May 12, 1958 – The World War II Trans-Atlantic Candidate selected in Epinal American Military Cemetery, France by Major General Edward O’Neil and transported to Napes, Italy. From here the USS Blandy (DD-943) transports the candidate to a pre-designated location off Cape Henry, Virginia.

May 15, 1958 – The Korean War Unknown Soldier is selected at the Punchbowl National Cemetery, Hawaii by Master Sergeant Ned Lyle.

May 16, 1958 – The World War II Trans-Pacific Candidate selected at the Hickam Air Force Base, Hawaii by Colonel Glenn Eagleston. Both the candidate and the Korean War Unknown Soldier are transported by VR-21 aircraft to Guantanamo Bay, Cuba where they are placed aboard the USS Boston (CAG-1), and transferred to a pre-designated location off Cape Henry, Virginia.

May 26, 1958 – The World War II candidates and the Korean War Unknown Soldier are transferred at sea to the USS Canberra (CAG-2) where the final selection of the World War II Unknown Soldier is made by Hospitalman First Class William Charette. The candidate not selected was buried at sea. Both the World War II and Korean War Unknown Soldiers were then transferred at sea to the USS Blandy (DD-943), under escort of the USCGC Ingham.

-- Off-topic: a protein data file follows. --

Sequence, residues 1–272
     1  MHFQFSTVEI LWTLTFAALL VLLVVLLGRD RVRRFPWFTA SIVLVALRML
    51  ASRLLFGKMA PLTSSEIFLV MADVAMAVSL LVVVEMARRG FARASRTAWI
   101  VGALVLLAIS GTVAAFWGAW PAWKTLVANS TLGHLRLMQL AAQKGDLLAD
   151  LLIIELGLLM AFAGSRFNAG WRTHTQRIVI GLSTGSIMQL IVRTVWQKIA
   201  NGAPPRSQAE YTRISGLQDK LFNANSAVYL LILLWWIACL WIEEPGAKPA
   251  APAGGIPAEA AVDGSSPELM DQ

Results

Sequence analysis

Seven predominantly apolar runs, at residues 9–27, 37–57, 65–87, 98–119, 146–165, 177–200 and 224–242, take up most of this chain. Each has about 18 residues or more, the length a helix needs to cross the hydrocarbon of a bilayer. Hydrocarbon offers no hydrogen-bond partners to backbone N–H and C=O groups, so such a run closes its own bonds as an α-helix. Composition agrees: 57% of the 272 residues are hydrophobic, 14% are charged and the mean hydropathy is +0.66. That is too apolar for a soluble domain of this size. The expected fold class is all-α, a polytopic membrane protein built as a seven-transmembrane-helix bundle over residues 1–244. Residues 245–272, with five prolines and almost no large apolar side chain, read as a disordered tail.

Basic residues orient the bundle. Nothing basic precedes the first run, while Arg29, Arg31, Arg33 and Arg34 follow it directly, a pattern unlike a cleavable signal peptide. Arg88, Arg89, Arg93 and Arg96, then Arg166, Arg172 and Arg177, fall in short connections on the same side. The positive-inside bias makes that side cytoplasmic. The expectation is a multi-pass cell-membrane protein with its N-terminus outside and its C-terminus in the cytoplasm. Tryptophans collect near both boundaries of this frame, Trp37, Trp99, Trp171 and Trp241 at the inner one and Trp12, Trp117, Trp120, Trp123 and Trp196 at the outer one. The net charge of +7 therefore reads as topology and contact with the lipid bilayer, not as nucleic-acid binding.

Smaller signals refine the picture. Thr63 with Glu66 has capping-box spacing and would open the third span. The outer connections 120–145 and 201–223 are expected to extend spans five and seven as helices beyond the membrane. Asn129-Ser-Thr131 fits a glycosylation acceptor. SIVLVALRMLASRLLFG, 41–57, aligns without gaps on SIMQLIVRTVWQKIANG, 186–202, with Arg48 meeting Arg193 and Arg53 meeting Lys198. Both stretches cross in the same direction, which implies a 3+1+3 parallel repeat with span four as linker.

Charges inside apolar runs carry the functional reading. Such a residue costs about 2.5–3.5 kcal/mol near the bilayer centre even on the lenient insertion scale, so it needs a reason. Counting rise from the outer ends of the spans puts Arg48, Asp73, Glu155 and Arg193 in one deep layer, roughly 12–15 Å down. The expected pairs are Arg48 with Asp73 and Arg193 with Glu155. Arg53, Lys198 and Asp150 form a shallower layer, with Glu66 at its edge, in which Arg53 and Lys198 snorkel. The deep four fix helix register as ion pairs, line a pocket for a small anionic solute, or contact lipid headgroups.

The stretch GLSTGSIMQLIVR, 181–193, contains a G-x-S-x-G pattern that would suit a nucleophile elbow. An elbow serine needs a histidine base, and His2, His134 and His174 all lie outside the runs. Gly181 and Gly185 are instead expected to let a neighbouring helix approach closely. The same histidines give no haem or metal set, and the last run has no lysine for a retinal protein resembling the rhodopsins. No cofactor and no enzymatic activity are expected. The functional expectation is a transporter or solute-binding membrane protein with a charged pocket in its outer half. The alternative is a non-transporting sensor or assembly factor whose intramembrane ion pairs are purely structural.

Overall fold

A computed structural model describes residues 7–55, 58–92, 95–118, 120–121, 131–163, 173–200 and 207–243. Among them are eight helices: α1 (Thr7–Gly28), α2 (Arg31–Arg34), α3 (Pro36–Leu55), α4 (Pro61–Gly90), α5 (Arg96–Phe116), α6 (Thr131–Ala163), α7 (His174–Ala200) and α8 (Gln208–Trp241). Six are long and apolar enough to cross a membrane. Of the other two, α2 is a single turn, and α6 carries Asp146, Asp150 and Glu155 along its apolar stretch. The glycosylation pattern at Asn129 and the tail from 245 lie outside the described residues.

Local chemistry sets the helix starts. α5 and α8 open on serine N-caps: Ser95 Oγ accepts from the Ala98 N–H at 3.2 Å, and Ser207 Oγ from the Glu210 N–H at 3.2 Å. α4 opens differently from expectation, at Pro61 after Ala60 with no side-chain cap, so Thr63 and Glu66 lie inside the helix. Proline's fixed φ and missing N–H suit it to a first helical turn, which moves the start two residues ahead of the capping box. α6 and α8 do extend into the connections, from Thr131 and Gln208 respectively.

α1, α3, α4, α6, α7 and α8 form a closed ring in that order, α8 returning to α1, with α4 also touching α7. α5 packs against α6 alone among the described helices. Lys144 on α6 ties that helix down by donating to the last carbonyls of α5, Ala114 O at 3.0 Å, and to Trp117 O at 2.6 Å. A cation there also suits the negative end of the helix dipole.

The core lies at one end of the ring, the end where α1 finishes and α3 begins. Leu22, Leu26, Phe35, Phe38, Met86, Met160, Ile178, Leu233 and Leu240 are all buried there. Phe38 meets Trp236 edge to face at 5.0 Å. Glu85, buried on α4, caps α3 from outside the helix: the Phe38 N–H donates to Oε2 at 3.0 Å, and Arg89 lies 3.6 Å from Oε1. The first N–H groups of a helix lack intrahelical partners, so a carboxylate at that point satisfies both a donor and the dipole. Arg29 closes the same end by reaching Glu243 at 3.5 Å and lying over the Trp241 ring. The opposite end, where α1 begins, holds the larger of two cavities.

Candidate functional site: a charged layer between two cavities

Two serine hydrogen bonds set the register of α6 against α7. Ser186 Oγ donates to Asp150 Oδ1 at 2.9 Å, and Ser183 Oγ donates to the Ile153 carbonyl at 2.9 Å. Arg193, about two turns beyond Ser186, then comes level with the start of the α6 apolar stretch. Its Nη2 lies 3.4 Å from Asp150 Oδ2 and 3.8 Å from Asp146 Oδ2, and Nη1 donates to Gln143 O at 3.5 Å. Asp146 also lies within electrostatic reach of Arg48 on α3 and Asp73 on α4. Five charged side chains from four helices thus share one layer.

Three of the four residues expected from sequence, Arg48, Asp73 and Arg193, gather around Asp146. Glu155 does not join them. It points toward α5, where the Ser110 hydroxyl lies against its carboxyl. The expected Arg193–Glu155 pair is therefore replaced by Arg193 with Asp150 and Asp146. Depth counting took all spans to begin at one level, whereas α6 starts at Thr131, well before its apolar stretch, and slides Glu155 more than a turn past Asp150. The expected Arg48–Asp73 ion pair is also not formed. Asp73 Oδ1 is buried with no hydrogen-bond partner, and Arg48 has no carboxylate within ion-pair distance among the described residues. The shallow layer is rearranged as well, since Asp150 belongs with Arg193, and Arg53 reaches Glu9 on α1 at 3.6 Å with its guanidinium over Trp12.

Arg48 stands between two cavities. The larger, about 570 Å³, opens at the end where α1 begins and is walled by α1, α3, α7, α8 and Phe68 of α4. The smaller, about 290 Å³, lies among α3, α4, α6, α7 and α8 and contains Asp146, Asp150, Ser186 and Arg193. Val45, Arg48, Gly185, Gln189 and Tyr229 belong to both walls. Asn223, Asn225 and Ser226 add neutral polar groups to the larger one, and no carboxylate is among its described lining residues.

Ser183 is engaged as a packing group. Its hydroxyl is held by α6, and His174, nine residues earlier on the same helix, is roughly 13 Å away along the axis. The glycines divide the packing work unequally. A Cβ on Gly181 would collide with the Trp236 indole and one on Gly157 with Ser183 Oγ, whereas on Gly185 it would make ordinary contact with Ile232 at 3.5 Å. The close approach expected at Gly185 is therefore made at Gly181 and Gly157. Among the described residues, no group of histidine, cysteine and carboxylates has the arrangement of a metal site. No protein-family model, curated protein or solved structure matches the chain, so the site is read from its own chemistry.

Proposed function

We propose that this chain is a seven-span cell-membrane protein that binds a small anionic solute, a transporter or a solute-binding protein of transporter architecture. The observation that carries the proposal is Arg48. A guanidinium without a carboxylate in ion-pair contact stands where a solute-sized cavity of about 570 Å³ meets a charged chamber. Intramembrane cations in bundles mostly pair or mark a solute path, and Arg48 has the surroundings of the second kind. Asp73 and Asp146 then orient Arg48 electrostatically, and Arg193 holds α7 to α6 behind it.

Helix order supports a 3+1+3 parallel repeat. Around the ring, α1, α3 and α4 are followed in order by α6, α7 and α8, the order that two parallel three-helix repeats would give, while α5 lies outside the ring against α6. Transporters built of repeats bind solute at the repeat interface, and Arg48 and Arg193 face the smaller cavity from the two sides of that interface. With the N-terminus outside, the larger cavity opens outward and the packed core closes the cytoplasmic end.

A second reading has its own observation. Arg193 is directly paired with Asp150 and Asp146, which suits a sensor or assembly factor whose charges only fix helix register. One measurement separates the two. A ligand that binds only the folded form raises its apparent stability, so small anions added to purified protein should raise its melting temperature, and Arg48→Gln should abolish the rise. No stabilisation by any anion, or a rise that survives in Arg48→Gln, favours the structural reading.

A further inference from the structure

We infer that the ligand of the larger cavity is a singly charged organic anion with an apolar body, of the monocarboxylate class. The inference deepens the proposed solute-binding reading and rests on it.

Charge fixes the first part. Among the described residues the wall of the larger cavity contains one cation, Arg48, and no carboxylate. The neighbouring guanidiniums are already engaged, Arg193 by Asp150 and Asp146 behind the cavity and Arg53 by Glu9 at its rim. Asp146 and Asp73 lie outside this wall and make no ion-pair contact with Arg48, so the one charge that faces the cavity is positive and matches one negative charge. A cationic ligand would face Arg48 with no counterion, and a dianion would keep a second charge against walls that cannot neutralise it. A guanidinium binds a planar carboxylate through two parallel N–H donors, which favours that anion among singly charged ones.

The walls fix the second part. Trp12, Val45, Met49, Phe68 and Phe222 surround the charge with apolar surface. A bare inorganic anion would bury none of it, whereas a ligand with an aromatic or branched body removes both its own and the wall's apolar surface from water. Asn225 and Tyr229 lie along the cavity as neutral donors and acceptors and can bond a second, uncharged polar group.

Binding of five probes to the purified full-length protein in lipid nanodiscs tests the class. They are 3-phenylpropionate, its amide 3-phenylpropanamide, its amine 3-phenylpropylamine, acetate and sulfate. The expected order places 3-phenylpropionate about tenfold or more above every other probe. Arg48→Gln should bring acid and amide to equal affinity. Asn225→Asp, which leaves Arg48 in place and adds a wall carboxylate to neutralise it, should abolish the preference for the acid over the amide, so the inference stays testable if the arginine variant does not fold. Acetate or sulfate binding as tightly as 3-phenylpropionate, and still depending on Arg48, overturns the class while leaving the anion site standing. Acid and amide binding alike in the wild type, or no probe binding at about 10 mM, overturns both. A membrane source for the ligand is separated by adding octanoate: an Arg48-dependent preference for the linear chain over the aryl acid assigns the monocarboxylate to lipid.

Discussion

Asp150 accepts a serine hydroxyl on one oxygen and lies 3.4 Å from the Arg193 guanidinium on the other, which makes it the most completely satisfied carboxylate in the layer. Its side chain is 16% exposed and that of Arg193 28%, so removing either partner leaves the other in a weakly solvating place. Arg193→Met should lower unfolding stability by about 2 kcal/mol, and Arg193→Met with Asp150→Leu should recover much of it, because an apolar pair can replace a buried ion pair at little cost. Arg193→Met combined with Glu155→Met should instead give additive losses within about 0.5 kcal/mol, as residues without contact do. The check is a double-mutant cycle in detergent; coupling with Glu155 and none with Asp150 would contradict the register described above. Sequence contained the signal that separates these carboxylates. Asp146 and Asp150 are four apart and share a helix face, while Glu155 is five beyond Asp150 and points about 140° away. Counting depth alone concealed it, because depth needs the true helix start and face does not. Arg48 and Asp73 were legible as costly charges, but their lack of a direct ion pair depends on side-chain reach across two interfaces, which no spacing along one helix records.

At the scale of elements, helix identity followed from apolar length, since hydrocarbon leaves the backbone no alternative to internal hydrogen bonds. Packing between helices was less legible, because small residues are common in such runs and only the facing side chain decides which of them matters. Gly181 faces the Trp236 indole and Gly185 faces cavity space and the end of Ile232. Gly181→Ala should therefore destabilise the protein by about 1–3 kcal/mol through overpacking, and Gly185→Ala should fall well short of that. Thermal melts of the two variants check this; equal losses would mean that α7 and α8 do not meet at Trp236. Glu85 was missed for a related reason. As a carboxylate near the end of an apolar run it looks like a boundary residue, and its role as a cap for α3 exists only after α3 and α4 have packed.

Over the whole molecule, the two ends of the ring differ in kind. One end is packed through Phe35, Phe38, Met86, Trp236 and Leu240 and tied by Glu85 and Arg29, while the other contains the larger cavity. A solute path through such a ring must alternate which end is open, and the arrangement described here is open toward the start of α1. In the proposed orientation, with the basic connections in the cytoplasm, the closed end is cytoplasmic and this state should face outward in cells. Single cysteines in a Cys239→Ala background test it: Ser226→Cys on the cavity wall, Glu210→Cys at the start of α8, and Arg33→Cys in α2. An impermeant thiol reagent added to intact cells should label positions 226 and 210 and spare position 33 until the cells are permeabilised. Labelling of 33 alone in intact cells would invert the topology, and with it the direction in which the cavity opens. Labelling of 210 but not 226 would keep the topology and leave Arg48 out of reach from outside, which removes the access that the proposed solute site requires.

May 27, 1958 - The USS Blandy (DD-943) arrives at Pier 3 of the Naval Gun Factory.

May 28, 1958 – The World War II and Korean War Unknown Soldiers are transported via caisson to the US Capitol where they lay in state.

May 30, 1958 - The World War II and Korean War Unknown Soldiers are transported via caisson to Arlington National Cemetery where, after funeral services led by President Eisenhower, are buried to the west of the Tomb of the Unknown Soldier within crypts on the plaza of the Memorial Amphitheater.

Vietnam Unknown Soldier

June 25, 1981 – Congress directed the selection and burial of an Unknown American from the Vietnam War in House Joint Resolution 299.

May 17, 1984 – The Vietnam Unknown Soldier is designated at Pearl Harbor, Hawaii by Sergeant Major Allan Kellogg. From here the USS Brewton (DD-943) begins to transport the Vietnam Unknown Soldier to Alameda Naval Air Station in California.

May 24, 1984 – The Vietnam Unknown Soldier arrives at Travis Air Force Base, California and remains overnight.

May 25, 1984 – The Vietnam Unknown Soldier departs Travis Air Force Base via C-141B and arrives at Andrews Air Force Base, Maryland and is transported via hearse to the US Capitol where he lays in state for three days.

May 28, 1984 – The Vietnam Unknown Soldier is transported via caisson to Arlington National Cemetery where, after funeral services led by President Reagan, are buried to the west of the Tomb of the Unknown Soldier between the crypts of the World War II and Korean War Unknown Soldiers on the plaza of the Memorial Amphitheater.

May 14, 1998 – The Vietnam Unknown Soldier is disinterred from the crypt and transported via hearse to the Armed Forces Institute of Pathology for DNA testing.

June 30, 1998 – Remains identified as Captain Michael Blassie, USAF.